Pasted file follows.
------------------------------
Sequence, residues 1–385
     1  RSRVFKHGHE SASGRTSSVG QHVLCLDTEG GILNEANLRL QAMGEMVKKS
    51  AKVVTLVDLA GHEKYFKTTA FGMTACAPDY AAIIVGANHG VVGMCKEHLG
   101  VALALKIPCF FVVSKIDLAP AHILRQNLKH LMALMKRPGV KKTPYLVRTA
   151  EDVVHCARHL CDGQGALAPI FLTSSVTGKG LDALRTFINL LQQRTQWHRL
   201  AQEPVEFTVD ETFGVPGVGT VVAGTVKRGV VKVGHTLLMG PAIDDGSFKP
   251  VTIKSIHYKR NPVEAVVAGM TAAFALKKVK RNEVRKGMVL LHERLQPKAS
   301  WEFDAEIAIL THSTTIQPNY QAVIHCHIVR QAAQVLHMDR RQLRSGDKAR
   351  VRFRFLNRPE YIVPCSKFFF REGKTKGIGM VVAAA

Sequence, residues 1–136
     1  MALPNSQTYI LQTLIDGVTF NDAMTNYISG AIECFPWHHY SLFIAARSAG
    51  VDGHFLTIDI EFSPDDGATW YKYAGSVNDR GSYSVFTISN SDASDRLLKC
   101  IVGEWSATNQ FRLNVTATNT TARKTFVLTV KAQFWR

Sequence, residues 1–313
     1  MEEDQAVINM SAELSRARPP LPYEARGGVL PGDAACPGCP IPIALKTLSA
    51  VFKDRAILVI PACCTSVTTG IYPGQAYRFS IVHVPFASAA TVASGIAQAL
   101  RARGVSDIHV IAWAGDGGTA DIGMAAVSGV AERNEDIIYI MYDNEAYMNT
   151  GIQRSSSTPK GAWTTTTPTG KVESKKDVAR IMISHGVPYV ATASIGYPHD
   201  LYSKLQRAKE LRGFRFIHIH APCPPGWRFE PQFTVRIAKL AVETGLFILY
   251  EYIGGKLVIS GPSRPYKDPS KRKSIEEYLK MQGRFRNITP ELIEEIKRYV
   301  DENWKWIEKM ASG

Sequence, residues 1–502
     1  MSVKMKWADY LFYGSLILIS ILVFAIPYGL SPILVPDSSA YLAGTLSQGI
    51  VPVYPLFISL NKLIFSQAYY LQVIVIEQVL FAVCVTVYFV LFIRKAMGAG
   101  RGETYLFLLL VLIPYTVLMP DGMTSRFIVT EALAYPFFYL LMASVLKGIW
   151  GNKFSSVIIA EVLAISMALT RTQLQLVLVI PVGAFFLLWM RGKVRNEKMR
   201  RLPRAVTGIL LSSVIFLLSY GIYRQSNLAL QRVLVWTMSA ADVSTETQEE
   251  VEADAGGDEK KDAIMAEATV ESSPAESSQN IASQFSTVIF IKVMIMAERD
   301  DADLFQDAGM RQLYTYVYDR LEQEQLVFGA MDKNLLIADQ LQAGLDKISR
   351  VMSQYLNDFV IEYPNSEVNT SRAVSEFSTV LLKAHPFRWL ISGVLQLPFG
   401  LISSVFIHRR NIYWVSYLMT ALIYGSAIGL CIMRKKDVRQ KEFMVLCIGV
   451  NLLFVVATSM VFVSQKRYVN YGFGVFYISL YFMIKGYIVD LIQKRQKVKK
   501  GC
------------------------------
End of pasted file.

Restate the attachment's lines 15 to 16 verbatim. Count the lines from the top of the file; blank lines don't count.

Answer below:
     1  MEEDQAVINM SAELSRARPP LPYEARGGVL PGDAACPGCP IPIALKTLSA
    51  VFKDRAILVI PACCTSVTTG IYPGQAYRFS IVHVPFASAA TVASGIAQAL